Anti-reflective (AR) coatings are optical coatings that decrease the amount of light reflected off a surface. Commonly applied to lenses, mirrors, or glass barriers, AR coatings are designed to maximize the throughput of light, while reducing hazards caused by reflections. This ability makes AR coatings an ideal solution for optical instruments, imaging devices, cameras, telescopes, eyeglasses, binoculars, and more.

To determine whether AR coatings are the best fit your needs, there are various factors to consider, including the number of optical elements, the substrate, and the application.

Number of Optical Elements

Uncoated reflective glass substrates can interfere with the passage of light through an optical system. Due to Fresnel reflection, 4% of transmitted light is lost at each interface of an uncoated glass substrate, resulting in only 92% total transmission of incident light. The reduced throughput and reflected light can simultaneously cause damage and reduce performance.

AR coatings increase throughput and stop the reflected light from causing damage. They are especially useful for systems containing multiple optical elements, as they allow for more efficient use of light.


The type of substrate will also play a role in determining whether an AR coating will be the most effective solution. At Evaporated Coatings, we offer AR coatings for the following substrates:


Glass AR coatings can target any wavelength spectrum ranging from 200nm to 2500nm. To ensure maximum transmission through a system, clients can specify their incident medium, wavelength range, angle of incidence, polarization needs, and the substrate index of refraction. Glass is frequently used in laser systems, which require AR coatings that can meet or exceed Laser Damage Threshold (LDT) minimums for the system.

Plastic and Molded Polymer

Many plastics and molded polymer substrates are vulnerable to heat damage, so they need particular AR coating processes in which the temperature doesn’t exceed 50°C. Low-temperature AR coatings can be applied to a wide variety of substrates, such as Kapton, polycarbonates, acrylics, and more. However, they typically operate within a slightly narrower range of frequency, from 300nm to 2000nm.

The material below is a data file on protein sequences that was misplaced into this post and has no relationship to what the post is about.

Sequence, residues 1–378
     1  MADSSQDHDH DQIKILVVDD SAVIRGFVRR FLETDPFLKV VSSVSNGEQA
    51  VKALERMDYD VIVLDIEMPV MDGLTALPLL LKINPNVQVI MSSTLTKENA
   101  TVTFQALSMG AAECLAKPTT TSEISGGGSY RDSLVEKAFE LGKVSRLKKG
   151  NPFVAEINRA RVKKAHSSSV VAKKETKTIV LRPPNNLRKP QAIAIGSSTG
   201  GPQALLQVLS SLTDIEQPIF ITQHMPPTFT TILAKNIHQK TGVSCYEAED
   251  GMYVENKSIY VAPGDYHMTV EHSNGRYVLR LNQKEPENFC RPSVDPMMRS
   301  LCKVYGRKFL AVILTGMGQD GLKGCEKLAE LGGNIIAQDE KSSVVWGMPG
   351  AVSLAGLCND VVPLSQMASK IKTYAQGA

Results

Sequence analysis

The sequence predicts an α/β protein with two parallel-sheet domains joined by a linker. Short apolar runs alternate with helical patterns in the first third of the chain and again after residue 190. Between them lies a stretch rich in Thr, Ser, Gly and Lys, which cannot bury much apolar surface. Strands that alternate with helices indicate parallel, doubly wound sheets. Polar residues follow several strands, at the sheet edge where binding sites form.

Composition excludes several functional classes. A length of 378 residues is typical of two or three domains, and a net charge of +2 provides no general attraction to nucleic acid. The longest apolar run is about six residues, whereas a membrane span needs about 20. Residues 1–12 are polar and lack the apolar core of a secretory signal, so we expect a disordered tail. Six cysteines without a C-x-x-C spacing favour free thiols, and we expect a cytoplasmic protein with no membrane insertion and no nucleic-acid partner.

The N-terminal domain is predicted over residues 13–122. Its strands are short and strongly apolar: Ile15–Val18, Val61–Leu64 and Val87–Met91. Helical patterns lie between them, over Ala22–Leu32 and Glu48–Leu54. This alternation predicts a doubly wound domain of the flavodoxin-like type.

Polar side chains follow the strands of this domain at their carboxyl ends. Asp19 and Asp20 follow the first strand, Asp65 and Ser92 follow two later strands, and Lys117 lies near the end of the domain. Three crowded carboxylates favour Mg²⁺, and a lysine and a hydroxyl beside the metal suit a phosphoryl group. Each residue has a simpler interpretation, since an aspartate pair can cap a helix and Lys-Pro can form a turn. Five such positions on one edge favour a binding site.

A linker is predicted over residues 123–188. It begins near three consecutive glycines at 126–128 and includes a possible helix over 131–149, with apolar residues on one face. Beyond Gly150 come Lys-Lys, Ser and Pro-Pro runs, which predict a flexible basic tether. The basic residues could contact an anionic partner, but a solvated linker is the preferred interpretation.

Fiber Optics

Fiber optic materials, including fiber arrays and ends, laser diodes, lenses, and more, utilize AR coatings to increase light transmission. These materials require a low-temperature anti-reflective coating process that reduces the risk of outgassing. To meet the needs of various applications, these AR coatings come in many designs, including L-Band, C-Band, dual wavelength, and more.

Crystals, Semiconductors, and Garnet

For these substrates, AR coatings are deposited with high energy, producing dense films with superior surface qualities and low optical loss. These AR coatings ensure a high resistance to laser damage, excellent surface qualities, and minimal spectral shift due to moisture exposure. AR coatings can be customized based on the sensitivity of the crystals, wafers, or semiconductor materials.


AR coatings solve a variety of issues across a diverse range of industries, including photography, optometry, solar energy, and more. When determining whether AR coatings are the right solution for your needs, it’s important to consider your intended application.

Common applications that benefit from AR coatings include:

  • Displays. AR coatings on displays and screens allow for greater optical performance by minimizing glare and reflection. When outside light hits a screen, it causes glare. AR coatings can solve this problem.
  • Camera Systems. Camera systems use AR coatings to reduce unwanted reflections and glare when used for imaging and telecommunications.

Types of AR Coatings

If you determine that your application can benefit from an AR coating, it is crucial to understand the different types to ensure you choose the best fit. There are many types of AR coatings available, including:

  • Single. Single magnesium fluoride coatings have an excellent refractive index for use on glasses, cameras, and other lenses that interact with visible light. The coating can also resist abrasion and humidity.
  • Multi. Multi coatings consist of several thin films, each of which has different refraction indices. This type of AR coating maximizes transmission.
  • Broadband. Broadband coatings are specifically designed to improve transmission over a wider waveband. As a result, this type of coating is much more versatile.
  • “V”. V coatings specifically target a narrow wavelength range, and they are typically used in laser systems. The coating has a high refractive index for all wavelengths outside the designated range.

To learn even more about AR coating considerations, download our eBook, called Key Principles & Design Considerations for Anti-Reflection Coatings, which expands on this information and more.

AR Coatings From Evaporated Coatings

There are many factors to consider when determining whether an AR coating is right for your needs. At Evaporated Coatings, we work with you to identify and design high-quality AR coatings catered to your specific application. Learn more about our anti-reflective coatings or request a quote today to start your order.